Vusi Gumede

We need an African renaissance and pan-Africanism for a better Africa

Cheikh Anta Diop, the pioneer of the concept of African renaissance, would have us understand the concept as a call to and a programme of action for the renewal of the African continent. Pan-Africanism, as espoused by its originators such as Ras Makonnen, has to do with the mobilisation of Africans and people of African…

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Africa’s Achilles heel: Global capitalism

In 2010, during the 50th anniversary of African political independence, I wrote an article which provocatively proclaimed that developmental states remain a pipedream in Africa. There is no consensus on what has constrained the further advancement of our troubled African continent. Could it be, fundamentally, institutions as some have argued or leadership as many have…

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Africa, time to get back to basics

As a point of departure, it is important to acknowledge that we know a lot about the challenges confronting the African continent today. Equally, we know more about the world today. It is in this context that a call for rethinking Africa’s political economy is made. Such a rethink is timely because the world economy…

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Poor policy slows SA’s growth

James Carvelle, Bill Clinton’s 1992 campaign strategist, coined a phrase that remains pertinent the world over, especially in South Africa, when he said “the economy, stupid”. As we now paraphrase Carvelle’s phrase, “it is [indeed] the economy, stupid”. In the case of South Africa, I insist that it is both the economy, and more fundamentally,…

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As uncertainty deepens, the human condition further worsens

In a compelling poem by the great African intellectual giant Amílcar Cabral, a powerful ‘story’ of Return is told. A relatively young Cabral, in his 20s, published a timeless poem that remains relevant – though written in 1949 – even today. It is worth presenting a couple of verses from it: Old Mama, come and…

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The world needs a better moral compass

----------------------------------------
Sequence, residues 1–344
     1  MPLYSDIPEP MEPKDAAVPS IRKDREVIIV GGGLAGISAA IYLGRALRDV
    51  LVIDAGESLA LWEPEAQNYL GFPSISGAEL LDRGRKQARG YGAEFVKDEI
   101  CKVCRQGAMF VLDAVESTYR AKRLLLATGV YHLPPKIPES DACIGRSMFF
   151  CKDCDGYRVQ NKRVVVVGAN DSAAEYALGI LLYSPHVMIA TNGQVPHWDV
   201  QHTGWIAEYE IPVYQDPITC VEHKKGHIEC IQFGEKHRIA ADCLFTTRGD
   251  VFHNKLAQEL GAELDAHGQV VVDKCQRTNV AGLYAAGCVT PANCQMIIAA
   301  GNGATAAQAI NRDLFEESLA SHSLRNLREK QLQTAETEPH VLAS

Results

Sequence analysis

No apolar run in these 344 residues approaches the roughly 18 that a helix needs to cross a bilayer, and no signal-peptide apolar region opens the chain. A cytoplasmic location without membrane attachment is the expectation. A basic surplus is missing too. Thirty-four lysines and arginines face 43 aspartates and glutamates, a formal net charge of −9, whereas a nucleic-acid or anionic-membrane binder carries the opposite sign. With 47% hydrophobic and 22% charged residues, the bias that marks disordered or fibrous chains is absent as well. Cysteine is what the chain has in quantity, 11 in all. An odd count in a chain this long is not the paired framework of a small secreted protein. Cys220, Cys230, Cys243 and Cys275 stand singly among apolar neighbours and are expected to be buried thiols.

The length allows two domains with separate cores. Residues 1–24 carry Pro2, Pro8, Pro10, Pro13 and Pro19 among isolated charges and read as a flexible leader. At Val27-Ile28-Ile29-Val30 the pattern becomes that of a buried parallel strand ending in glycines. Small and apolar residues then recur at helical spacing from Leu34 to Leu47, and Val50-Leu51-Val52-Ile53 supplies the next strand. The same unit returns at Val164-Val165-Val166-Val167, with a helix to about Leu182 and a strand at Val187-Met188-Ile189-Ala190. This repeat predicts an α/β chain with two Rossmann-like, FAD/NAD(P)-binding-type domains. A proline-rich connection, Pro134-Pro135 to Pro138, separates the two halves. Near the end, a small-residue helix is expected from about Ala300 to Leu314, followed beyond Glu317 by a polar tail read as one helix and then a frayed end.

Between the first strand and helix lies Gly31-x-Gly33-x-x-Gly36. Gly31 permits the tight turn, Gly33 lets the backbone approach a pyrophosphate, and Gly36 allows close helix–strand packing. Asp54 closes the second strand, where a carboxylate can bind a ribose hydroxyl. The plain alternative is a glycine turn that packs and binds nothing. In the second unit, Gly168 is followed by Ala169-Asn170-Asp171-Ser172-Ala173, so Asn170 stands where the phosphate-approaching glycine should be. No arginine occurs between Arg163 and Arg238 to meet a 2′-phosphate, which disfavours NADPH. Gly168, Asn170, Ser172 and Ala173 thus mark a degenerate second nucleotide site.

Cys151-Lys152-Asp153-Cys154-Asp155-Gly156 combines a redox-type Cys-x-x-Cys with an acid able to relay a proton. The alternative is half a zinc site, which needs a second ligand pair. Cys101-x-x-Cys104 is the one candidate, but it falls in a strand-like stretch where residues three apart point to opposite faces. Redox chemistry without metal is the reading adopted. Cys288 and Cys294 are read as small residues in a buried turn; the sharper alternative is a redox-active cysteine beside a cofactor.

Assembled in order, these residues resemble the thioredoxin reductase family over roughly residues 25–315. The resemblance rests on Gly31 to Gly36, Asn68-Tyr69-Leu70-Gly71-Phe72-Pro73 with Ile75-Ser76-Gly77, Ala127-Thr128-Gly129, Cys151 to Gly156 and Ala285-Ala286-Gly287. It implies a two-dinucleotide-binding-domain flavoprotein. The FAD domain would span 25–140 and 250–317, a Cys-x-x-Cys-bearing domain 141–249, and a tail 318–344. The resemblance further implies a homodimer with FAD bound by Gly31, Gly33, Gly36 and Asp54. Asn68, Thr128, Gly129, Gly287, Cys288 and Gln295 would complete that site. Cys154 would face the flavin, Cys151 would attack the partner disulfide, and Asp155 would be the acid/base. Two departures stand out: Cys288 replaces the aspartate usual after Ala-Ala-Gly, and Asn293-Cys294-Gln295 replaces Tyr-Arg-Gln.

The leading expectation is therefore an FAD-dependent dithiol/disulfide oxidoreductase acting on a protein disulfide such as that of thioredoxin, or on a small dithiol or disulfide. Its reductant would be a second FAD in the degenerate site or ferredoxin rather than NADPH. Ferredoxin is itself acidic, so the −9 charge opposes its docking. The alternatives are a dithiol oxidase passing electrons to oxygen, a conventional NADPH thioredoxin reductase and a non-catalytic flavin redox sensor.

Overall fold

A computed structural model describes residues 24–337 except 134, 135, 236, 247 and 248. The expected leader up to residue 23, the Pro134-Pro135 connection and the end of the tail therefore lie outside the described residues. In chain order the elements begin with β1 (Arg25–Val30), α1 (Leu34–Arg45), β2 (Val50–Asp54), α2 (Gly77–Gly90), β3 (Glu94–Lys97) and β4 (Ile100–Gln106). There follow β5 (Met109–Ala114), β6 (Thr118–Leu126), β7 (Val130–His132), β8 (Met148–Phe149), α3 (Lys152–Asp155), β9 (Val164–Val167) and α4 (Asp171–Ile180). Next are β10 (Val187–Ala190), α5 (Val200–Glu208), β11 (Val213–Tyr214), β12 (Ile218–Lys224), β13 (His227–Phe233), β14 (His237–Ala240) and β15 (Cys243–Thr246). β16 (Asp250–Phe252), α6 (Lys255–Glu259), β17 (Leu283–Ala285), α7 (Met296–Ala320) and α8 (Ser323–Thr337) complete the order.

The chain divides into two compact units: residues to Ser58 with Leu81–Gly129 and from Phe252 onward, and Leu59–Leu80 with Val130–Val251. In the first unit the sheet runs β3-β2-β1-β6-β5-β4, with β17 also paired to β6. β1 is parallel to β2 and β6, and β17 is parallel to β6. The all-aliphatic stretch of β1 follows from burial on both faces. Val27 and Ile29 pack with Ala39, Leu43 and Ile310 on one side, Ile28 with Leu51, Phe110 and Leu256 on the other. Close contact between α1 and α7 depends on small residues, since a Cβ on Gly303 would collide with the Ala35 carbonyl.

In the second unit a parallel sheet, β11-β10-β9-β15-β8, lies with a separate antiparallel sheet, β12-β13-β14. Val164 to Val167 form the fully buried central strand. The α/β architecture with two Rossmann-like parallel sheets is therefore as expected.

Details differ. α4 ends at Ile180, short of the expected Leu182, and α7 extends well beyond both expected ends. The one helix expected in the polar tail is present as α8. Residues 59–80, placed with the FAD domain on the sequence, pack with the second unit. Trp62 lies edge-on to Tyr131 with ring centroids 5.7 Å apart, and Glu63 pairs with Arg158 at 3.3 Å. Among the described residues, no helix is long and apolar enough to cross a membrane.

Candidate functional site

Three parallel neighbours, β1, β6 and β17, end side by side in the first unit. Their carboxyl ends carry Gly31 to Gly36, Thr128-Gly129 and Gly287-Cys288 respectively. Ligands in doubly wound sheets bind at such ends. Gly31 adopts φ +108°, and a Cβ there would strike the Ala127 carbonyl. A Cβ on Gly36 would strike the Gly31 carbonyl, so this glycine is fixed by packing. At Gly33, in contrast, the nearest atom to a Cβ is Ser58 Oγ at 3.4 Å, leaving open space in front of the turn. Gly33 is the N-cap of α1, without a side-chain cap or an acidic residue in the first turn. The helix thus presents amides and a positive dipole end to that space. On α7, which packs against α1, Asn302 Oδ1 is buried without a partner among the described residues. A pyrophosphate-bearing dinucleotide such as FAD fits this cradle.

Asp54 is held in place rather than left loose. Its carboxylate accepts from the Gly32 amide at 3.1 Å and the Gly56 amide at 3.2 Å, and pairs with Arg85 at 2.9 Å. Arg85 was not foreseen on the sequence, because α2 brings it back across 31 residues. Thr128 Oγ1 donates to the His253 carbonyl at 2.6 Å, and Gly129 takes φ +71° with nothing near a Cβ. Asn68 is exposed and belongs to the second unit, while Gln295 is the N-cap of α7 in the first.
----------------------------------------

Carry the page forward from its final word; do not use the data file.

At the occasion of the Nobel Peace Prize Award Ceremony of 1960 at Oslo University in Norway, in his acceptance speech, Chief Albert Luthuli highlighted a fundamental challenge that still confronts Africa that “our continent has been carved up by the great powers. Alien governments have been forced upon the African people by military conquest…

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Africa in the aftermath of the recession

Many African scholars and politicians have repeatedly made the point that Africa remains behind other regions or continents as a result of the historical injustices it endured for centuries. Disturbingly, though, the injustices have taken a different form over the years, particularly by the so-called developed world. This is not to say that part of…

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International cooperation: World remains a mess but there’s hope

Africa is, arguably, still the richest continent but her people are the poorest in the world — the world remains a mess! But there are some encouraging signs: Africa appears to be well-poised to lead the world into a better future. This view is supported by others. Michael Pilkington, for instance, believes that 2011 will…

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SA still has a long way to go on reconciliation

Now that the Fifa 2010 football extravaganza is over and the strike is on hold, it might be opportune to reflect on how far we have, as South Africans, actioned the reconciliation project. The World Cup gave a picture of a nation in unison. Was that a façade? do we still see different races, with…

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Where is SA going?

Nuruddin Farah, one of the extraordinary novelists of our times, succinctly captured — in his novel entitled Secrets — the beginnings of Somalia’s civil war. Kalaman, the protagonist, relates what he was going through as the tragedy unfolded: “I sat in the car. I was a storm-beaten, lonely man. I was sad. I was mournful….

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